Morris & Mary Ann

Morris Kight, Mary Ann Cherry
1995 MK & Mary Ann Cherry | photographer unknown | from author's collection

Michael Kearns interviews Mary Ann Cherry about her new book on Morris Kight.

Morris Kight, Mary Ann Cherry, Karen Ocamb
photo Karen Ocamb

I knew Morris Kight personally for the last ten years of his life. I helped to prepare and fax many of his missives and correspondence. It was a time when I needed a job and he offered me part-time work. Morris was like that.

I became familiar with the 6:00 AM phone calls that many people who I interviewed also experienced. It went like this: the phone would ring at 6:00 AM and a chipper Morris Kight would be on the other end of the line. No hello, hardly a courtesy when he’d begin narrating the day’s agenda, all of which would be news to me. He would begin by making a statement about something that needed to happen that day, under his direction, as “a priority.”

Perhaps, it went something like: “We must be at city hall for the city council meeting that begins at 10AM when they’ll be voting on hospice funding. We must encourage the council to pass this important bill.”


He’d give me just enough time to agree or disagree to join his magic carpet ride for the day. And then just as quickly, the phone line would die. Without a good bye or a thank you or sorry to wake you, he hung up and busily went down a list, written on a yellow legal pad no doubt. At his memorial service in 2003, Ivy Bottini rhetorically asked the crowd, “Did Morris ever say goodbye before hanging up the phone?”


Many people thought they knew Morris. He was a bit of an enigma in that Morris was a loner who believed in the power of community.


For decades, Kight had devotees. Yet, his insecurities could suddenly slap his most loyal supporters in the face. The gratitude that I felt from most people went deeper than Morris’ political activism. It was personal, spiritual and life affirming. Some people I spoke with simply needed to vent. Others gushed. A few people refused to speak to me at all. His self-importance was legendary even without this biography. Yet some of his worst and most appalling qualities served a broader purpose that benefited many people.


It would take a huge, unstoppable ego to correct the deeply embedded imbalances and steadfast beliefs that made the world so hostile for homosexuals. As it turned out, it required many strong egos. The post-Stonewall gay movement tipped the equilibrium of society like no other civil rights movement had or has; it rocked the status quo from the inside out and the world, in my opinion, is a far more interesting and better place as a result.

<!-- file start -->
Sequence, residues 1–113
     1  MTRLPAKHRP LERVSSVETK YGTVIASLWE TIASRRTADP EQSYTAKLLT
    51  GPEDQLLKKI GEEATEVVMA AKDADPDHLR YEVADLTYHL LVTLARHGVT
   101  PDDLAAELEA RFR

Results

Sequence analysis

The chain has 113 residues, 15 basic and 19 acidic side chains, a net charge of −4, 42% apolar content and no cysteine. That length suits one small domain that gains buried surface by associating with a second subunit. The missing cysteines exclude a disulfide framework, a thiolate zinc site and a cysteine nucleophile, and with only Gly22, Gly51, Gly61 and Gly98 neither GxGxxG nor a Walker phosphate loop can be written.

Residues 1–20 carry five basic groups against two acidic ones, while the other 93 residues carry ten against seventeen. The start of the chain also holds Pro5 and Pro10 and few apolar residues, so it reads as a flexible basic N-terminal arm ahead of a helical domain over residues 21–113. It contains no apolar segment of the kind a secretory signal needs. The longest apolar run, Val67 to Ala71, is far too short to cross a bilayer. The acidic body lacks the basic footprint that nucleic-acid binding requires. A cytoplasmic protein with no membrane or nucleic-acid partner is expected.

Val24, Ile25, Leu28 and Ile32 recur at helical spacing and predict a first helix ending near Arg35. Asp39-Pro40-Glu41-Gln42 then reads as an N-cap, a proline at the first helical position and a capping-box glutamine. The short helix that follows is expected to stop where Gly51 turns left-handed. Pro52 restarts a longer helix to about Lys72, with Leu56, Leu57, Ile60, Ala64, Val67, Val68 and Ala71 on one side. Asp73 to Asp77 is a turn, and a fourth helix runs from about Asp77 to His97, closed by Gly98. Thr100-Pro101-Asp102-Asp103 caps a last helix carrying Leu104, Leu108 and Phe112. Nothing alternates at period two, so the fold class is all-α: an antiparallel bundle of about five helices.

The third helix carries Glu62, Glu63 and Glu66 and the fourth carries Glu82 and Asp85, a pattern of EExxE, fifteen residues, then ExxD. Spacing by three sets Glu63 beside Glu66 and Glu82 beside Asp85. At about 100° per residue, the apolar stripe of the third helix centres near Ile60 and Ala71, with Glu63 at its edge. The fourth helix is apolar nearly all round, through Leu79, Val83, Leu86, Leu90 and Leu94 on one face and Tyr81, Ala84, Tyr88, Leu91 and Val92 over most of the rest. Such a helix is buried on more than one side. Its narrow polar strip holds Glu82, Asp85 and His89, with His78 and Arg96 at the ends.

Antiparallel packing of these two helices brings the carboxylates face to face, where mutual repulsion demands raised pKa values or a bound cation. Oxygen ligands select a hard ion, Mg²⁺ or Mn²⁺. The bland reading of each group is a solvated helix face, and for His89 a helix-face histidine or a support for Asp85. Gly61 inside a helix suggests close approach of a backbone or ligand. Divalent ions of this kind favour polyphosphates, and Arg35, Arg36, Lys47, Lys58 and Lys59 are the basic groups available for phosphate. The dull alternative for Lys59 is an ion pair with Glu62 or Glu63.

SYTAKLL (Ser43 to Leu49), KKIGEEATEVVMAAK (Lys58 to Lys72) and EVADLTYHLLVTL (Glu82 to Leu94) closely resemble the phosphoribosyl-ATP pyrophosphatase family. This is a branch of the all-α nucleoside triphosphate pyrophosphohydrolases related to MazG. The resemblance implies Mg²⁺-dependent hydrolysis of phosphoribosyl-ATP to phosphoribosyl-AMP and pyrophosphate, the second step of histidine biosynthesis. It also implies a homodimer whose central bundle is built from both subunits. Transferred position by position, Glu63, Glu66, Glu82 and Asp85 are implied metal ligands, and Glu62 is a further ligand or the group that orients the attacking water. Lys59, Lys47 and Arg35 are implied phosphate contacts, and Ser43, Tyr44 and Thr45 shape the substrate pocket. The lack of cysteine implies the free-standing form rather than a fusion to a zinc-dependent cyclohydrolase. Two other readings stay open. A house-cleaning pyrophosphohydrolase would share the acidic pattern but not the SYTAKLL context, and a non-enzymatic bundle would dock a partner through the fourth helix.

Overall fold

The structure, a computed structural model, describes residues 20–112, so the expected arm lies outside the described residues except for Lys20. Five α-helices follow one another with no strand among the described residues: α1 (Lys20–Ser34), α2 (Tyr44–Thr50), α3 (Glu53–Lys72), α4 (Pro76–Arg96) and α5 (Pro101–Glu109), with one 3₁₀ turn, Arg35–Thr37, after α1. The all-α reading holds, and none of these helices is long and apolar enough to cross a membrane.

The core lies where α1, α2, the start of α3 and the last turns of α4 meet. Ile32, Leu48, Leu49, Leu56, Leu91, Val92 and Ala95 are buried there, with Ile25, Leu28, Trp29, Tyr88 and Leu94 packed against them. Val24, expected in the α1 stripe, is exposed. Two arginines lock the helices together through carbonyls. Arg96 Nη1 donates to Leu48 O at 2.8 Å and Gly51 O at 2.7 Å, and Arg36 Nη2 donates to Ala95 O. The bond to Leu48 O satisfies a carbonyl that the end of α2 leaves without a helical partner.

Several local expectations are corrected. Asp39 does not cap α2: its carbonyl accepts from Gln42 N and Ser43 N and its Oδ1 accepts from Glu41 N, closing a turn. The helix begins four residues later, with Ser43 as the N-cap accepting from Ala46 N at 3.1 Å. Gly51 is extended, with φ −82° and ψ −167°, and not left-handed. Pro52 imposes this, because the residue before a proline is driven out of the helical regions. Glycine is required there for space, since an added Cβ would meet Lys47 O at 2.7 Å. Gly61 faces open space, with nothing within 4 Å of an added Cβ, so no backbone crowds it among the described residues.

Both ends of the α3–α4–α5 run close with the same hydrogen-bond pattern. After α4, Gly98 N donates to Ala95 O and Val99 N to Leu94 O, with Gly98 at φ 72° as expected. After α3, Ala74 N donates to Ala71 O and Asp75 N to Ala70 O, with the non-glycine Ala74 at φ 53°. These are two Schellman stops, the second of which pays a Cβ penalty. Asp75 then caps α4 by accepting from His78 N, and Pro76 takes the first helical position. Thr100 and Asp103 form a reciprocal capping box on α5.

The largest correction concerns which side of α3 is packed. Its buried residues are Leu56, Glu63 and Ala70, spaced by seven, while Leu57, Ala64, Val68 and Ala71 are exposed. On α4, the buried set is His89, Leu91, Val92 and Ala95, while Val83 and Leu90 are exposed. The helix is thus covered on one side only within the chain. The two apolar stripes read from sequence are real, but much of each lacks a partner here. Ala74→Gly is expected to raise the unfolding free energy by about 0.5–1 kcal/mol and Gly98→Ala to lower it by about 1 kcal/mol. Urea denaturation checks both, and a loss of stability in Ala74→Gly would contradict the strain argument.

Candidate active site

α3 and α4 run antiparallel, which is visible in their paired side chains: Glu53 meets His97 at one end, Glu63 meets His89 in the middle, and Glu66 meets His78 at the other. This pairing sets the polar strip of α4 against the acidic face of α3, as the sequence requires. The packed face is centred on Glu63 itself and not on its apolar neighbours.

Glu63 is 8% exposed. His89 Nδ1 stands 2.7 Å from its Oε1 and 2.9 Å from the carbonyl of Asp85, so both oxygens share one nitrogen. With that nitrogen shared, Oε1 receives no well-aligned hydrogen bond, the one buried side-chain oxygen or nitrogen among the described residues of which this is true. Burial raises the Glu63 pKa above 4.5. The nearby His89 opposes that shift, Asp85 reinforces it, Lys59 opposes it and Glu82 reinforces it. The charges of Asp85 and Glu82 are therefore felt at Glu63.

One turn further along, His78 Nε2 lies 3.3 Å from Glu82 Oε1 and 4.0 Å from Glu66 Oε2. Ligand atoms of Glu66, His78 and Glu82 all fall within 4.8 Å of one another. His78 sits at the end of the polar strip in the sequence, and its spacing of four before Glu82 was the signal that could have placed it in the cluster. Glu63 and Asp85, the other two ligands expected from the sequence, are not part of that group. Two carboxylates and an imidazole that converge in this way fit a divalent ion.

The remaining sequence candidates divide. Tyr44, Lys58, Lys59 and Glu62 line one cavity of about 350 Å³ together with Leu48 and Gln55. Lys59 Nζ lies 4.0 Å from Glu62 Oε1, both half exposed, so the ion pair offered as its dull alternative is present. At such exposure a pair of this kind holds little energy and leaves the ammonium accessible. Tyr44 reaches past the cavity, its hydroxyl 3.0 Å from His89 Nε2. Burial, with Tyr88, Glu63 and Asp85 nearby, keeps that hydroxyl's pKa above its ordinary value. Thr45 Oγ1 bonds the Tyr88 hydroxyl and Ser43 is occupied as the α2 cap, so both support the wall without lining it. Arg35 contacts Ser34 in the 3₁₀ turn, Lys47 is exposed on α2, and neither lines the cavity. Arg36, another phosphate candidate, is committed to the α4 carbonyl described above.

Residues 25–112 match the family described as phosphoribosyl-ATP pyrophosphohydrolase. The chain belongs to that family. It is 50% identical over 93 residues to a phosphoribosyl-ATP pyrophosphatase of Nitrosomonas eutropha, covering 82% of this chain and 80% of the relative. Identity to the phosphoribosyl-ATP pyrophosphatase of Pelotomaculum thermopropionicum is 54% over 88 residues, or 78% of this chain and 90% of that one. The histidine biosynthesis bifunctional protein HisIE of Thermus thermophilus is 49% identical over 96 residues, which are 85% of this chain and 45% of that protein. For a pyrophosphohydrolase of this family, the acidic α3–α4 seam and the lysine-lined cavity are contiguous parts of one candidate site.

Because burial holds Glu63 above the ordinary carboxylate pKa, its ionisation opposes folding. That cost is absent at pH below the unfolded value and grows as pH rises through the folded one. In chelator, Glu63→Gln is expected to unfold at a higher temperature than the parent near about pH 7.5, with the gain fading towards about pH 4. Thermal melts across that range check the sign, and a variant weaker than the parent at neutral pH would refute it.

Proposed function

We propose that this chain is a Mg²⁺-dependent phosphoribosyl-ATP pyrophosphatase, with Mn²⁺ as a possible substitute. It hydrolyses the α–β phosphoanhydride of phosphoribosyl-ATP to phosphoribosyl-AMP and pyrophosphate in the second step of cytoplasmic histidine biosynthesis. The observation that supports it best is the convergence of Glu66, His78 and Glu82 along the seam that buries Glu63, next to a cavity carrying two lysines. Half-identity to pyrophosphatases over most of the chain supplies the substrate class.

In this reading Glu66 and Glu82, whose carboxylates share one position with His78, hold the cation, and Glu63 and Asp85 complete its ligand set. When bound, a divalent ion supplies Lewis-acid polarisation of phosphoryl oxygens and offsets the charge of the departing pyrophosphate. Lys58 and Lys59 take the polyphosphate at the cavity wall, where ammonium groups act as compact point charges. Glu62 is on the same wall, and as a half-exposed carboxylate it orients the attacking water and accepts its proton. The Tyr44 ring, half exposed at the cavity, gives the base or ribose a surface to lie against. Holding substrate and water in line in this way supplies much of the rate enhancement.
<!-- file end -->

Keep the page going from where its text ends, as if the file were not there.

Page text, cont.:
One example is the Los Angeles Times refused to print the words “gay” or “homosexual,” much less cover the community with any amount of dignity and affirmation. They wouldn’t even accept a paid advertisement with those words. Morris Kight helped to change that and thus it opened discussions across America about the life of homosexuals. It was a long way from liberation, but it paved the road.


Some will ask was he magical or manipulative? In return, I must ask, does it really matter when looking at his impact on social reform?


Several people whom I spoke wanted to know why I was the one telling the Morris Kight story. It is a fair question. I sensed that Morris had a story that was worth mining. As I delved more deeply into Kight’s narrative, it became somewhat uncomfortably clear that this story is well-served by the fact that I do not have a personal claim in gay history. I have no stake in purifying it or prettying it up. I have enormous respect for the value of gay studies in world—and specifically American—history. My only agenda here is to tell the truth as kindly as possible. Yet the truth is not always kind. Because of the complexities and conflicts that Kight represents for some people, the scar tissue that surrounds his reputation, the utter dislike others have for his “ilk,” it became apparent that if I did not tell this story as honestly as possible with an objective perspective, probably no one else would.